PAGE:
Lego – The Lord Of The Rings full review

I watched the Lord Of The Rings trilogy on TV over Christmas, and enjoyed it much more than when I originally saw the films at the cinema – probably because I could get up and make some tea during the boring bits. So I was in just the right frame of mind for Lego Lord Of The Rings – which, happily, turns out to be one of the best Lego games yet.

The Lego format is the same as ever, reproducing the action of a blockbuster film with cute little characters made out of Lego bricks, but this time around the developers have produced a particularly enjoyable game that is worthy of the epic films.

The game starts with a cutscene similar to the prologue in the first film, depicting the first battle between Lego Sauron and the combined forces of humans and elves. It’s quite impressive to see hundreds of little Lego Orcs rushing across the screen – but then, unexpectedly, you find yourself dropped right into the action, controlling either King Elendil, his son Isildur, or the Elf-Lord Elrond as they square up against the mighty Lego Sauron.

The Lego games have always allowed you to switch control from one character to another, and this approach works well with the ‘fellowship of the Ring’ as you can switch between the different characters in order to use particular weapons or skills – perhaps switching to a nimble Elf in order to jump up to an item that the little Hobbits can’t reach. The game also allows two people to play together, with each controlling a different character.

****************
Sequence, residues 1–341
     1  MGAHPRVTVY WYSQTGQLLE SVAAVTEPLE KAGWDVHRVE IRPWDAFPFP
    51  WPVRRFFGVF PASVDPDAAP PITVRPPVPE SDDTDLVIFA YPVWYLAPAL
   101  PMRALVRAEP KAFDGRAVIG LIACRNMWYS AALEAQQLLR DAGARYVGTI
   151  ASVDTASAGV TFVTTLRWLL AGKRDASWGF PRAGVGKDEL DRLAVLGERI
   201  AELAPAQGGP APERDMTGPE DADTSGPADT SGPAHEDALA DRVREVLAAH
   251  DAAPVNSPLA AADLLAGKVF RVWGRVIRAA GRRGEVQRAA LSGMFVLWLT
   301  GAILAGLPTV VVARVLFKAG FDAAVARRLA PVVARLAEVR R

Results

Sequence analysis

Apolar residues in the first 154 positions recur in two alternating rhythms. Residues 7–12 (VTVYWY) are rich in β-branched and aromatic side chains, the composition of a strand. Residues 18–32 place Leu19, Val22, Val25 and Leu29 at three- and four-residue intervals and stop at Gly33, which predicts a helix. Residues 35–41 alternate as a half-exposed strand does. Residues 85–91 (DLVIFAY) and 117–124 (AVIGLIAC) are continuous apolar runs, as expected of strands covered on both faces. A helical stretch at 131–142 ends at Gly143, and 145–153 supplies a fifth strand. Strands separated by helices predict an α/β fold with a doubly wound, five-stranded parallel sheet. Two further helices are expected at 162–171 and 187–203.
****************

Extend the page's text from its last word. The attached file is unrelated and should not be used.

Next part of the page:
The combat is simple but fun – all you can really do is hit enemies and do a bit of jumping and dodging, but a more complex combat system might have been off-putting for the game’s young audience. And, for variety, the battles are also mixed in with levels where you have to explore and find your way past various obstacles, such as the impressively rendered lava pits of Mount Doom.

There are plenty of other goodies to keep you occupied too. These include Lego ‘studs’ that you can collect and use as currency to buy more equipment, as well as hidden mithril Lego bricks that can be forged into powerful magical weapons and armour. Our only complaint is that sometimes you’re dropped into a scene without much explanation of what you’re supposed to be doing. At one point I found myself playing as Gandalf, frustratingly pinned to a wall during a battle with Saruman, and with no real idea of how to fight back. The game’s system of on-screen hints could definitely be more helpful in explaining what you need to do in situations like that.


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